If you spent the summer in the Traverse City area, then you remember the major storm/tornado that hit Glen Arbor with hurricane force winds in early August. One of my favorite walks is the hiking trail at Alligator Hill in the Sleeping Bear Dunes National Lakeshore. Due to fallen trees the National Park Service has closed the trail, but I just had to see for myself the damage the storm had left, so last week Jack, my border collie, and I traced one of our favorite walks through the Alligator Hill area. As a note of caution: unless you are (i) fairly athletic and (ii) very familiar with the area, the fallen trees are going to overwhelm any attempt to walk through the area.
My usual walk with Jack was to turn right on the trail, hike about a half mile, and then leave the trail to walk up a tree-covered hill coming out on a field. It was rather striking to see that 100+ mph winds had filled the hill with sunlight and the ground with scattered tree limbs. As the leader of our expedition, I chose the path Jack and I followed through the maze of fallen trees. I soon discovered that a 6’2″ man and a 40 pound border collie look at the world in very different ways. With longer legs, my preferred way of negotiating an obstacle was to climb over it. With shorter legs, Jack preferred the option of crawling under a fallen trunk. The added challenge of the maze became to find a path that could accommodate both my and Jack’s walking skills. We came to some obstacles that I could easily climb over, but which were too high for Jack to jump over. There were also times where Jack could crawl under an opening that I could not. Choosing a path that would get us both to the top of the hill became one of compromise. My most direct path was not going to work for Jack, and Jack’s preferred route was not going to work for me.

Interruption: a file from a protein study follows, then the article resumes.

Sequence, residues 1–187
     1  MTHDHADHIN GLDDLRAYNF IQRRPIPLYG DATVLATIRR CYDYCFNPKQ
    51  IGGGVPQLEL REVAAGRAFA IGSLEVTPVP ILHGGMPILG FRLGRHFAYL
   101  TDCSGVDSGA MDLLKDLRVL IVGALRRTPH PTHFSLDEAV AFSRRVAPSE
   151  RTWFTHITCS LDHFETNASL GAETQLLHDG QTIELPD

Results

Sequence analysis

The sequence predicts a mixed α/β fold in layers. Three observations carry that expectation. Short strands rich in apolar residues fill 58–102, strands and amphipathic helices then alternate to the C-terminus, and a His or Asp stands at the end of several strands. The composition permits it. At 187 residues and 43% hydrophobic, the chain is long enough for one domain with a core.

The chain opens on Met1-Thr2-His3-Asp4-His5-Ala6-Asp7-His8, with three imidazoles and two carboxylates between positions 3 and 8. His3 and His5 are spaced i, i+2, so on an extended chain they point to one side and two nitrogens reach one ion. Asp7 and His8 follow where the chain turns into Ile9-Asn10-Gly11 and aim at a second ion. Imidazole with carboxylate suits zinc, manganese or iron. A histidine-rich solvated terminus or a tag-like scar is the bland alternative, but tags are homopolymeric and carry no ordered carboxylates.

Having served as Clerk of Session at St. Andrews for 2 years, led and participated in discussions at Presbytery, and followed the deliberations of General Assembly, I’ve learned that Presbyterian governance is sometimes like that maze of trees on Alligator Hill. Presbyterians bring different worldviews to their church life. Too often one faction will see a solution it just “knows” is the best, and bolts in that direction without pausing to consider how that solution works for others. Outcomes can be produced in two ways: (i) the side with the votes can impose its preferences; or (ii) compromises can be found that work for both sides. I worry that the first has become the dominant way Presbyterians solve problems, with the undesired side-effect that the denomination shrinks as those who are left out of the process no longer feel a connection to the church’s mission. The search for compromise takes longer, and is harder, but is required to build a stronger and more unified body of Christ.
One of my favorite New Testament passages is Acts 15 – the council of Jerusalem. The early church faced a decision on the issues of circumcision and unclean food. James ultimately makes the compromise judgment of “no needful circumcision” and “no needless offense.” NT Wright comments on James’ judgment:
What impresses me, and what I long to see in the church of today and tomorrow, is the realism with which the question is addressed, rather than the brittle absolutism that so many might prefer.
That can be the path for our church, but only if we demand that of our leaders, and commit to that path ourselves. Is that a path we’re willing to take?
John McMillan, Author